Monday night is the start of the two-day AlwaysOn GoingGreen conference, and the organizers (Tony Perkins and crew) are doling out awards to the top 100 green private companies. While the majority of the list comprises the well-known players in the cleantech biz, most of which we’ve covered closely throughout the last year, there are a few names on the list that we’ve been meaning to profile more closely. Here’s our take on some of the lesser-known folks to watch for at the show this week:
1). SuperBulbs: The company, which says it is transforming the traditional light bulb, has largely been in stealth mode up to this point. On its web site the company only says that the bulbs will be a similar shape to an incandescent, competitively priced compared to CFLs, save 30 percent more energy than CFLs, and last “years longer.” Are these based on LED technology? We’re not sure, but sounds like it.
2). BioFuelBox: We’ve only heard about this Draper Fisher Jurvetson-backed biofuel technology developer when it came to light that the team had raised a series A round of $9.46 million from DFJ and Element Partners (formerly DFJ Element.) The San Jose, Calif.-based company’s web site says its technology is a “bio-refinery in a box” — a modular container that produces biofuel more cost-effectively and efficiently than previous methods. Making biofuels mobile is trend for next-gen biofuel makers, so we’ll see how much more efficient BioFuelBox’s containerized solution is.
3). SWAY: This Norwegian company makes wind turbines for deep-water offshore locations (80 to 300 meters deep within 50 to 60km from the shore) where wind is stronger and NIMBY is less of an issue. The company, which was spun out of Inocean in 2001, says its turbine tech is still “in the development phase,” and it plans to install a test turbine outside of Karmøy, Norway. Norwegian energy company Statoil and other Norwegian investors have pumped $26 million into SWAY to help get the innovation to market.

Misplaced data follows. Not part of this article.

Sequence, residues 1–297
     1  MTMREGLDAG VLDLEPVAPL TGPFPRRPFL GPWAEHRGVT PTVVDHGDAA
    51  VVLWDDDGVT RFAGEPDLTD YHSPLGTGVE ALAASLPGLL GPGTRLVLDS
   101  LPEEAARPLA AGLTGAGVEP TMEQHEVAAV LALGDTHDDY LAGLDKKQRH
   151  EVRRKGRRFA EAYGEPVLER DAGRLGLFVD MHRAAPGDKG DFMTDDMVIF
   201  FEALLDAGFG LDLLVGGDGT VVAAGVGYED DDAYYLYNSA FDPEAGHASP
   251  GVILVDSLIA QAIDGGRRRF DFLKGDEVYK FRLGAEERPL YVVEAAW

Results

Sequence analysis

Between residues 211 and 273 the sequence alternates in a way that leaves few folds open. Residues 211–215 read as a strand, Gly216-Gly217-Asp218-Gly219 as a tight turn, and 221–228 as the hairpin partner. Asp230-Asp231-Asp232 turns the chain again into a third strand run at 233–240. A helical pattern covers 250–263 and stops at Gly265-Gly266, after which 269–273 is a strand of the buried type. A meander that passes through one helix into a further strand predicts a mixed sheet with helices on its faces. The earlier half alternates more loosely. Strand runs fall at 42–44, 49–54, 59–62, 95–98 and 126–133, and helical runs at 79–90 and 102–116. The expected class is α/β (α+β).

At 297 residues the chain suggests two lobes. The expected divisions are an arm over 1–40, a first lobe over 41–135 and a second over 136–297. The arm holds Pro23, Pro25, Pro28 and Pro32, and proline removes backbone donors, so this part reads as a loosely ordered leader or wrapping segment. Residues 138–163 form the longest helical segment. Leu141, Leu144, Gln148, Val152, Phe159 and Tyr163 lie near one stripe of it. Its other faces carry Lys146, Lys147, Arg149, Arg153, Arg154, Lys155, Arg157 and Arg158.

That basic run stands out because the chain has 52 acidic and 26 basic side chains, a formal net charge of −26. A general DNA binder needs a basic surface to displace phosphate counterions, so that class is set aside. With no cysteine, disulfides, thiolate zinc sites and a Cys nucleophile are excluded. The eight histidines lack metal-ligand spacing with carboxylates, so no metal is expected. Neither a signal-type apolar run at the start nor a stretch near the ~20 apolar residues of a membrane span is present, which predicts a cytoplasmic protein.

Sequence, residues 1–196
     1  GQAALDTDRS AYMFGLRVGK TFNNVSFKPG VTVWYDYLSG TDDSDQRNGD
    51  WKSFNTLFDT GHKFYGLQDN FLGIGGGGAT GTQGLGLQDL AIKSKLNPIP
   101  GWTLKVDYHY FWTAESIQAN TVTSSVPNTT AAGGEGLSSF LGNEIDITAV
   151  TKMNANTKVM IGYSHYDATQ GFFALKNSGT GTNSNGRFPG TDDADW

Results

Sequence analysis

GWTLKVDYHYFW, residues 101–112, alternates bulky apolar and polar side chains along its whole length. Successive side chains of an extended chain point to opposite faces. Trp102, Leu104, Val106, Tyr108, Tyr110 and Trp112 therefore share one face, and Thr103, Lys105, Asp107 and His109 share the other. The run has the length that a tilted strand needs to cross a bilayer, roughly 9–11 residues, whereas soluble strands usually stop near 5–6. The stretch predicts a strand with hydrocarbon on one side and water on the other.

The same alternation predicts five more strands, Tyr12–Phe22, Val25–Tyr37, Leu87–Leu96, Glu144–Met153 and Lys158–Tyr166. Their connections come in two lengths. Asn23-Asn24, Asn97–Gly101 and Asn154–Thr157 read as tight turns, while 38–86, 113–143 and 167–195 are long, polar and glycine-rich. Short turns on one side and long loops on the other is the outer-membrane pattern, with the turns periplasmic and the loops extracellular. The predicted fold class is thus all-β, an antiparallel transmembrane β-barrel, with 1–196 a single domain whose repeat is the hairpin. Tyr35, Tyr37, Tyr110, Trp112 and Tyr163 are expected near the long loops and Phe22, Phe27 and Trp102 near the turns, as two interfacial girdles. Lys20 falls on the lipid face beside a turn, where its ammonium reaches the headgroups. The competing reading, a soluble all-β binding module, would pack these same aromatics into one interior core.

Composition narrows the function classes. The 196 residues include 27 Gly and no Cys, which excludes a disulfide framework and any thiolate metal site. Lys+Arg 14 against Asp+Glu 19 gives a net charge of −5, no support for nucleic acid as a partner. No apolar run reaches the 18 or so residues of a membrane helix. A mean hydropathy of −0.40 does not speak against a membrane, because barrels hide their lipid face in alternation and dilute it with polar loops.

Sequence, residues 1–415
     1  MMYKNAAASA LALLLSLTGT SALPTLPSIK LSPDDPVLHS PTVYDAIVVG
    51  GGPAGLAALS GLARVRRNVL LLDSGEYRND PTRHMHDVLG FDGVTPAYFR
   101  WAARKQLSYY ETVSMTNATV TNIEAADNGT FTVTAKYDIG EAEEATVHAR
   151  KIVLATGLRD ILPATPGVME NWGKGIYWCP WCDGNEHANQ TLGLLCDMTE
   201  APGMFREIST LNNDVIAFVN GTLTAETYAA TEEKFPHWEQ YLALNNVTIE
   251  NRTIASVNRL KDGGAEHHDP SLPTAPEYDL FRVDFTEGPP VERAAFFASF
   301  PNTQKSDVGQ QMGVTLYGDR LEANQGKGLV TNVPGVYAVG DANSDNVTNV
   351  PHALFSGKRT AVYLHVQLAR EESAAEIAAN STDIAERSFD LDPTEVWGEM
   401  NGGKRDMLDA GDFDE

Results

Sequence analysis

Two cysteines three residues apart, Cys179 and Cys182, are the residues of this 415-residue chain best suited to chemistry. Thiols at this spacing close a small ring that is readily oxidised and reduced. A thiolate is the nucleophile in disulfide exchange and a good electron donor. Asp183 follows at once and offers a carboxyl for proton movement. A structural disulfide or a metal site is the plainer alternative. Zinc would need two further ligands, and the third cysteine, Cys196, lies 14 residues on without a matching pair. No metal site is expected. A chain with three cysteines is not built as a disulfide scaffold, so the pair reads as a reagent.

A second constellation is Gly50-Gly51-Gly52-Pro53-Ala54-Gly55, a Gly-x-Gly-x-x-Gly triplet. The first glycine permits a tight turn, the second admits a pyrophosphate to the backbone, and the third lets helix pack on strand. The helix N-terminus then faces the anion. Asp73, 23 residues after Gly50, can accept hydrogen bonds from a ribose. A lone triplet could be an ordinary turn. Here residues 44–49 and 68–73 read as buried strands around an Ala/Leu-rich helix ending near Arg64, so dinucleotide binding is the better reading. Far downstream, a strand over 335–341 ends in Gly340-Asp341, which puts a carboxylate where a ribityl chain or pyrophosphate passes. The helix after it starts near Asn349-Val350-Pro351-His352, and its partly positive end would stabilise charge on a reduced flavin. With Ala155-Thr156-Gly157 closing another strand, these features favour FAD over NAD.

4). ReVolt: Another company with its roots in Norway, ReVolt has developed metal-air battery technology (the kind used in hearing aids) that supposedly avoids some of the pitfalls of the current generation. Metal-air batteries are cheap, environmentally-friendly, and have a high energy density, but are mostly used for low-power apps, and there are issues with recharging.
ReVolt, which spun out of Norwegian research firm SINTEF and moved to Staefa, Switzerland, in 2006, says its development can solve those problems, and make a battery that is “4 times the energy density of Lithium-Ion batteries at a comparable or lower production cost.” The company is backed by at least €22 million ($31.56 million) from Northzone Ventures, Sinvent, Sofinnova Partners, TVM Capital, Verdane Capital and Viking Venture.
5). Integrity Block: Nope, they’re not a greener tax plan (though H&R Block has touted some “green” projects in the past), Integrity Block offers a more sustainable alternative to concrete block. The company, which was founded in 2007, says its product is made of “proprietary soil composites,” which includes 50 percent recycled material and uses 40 percent less energy to make. In addition, the Los Altos, Calif.-based company says the eco-concrete has the same price and performance as the mainstream product and can help a project earn LEED points. Hard to say no to that.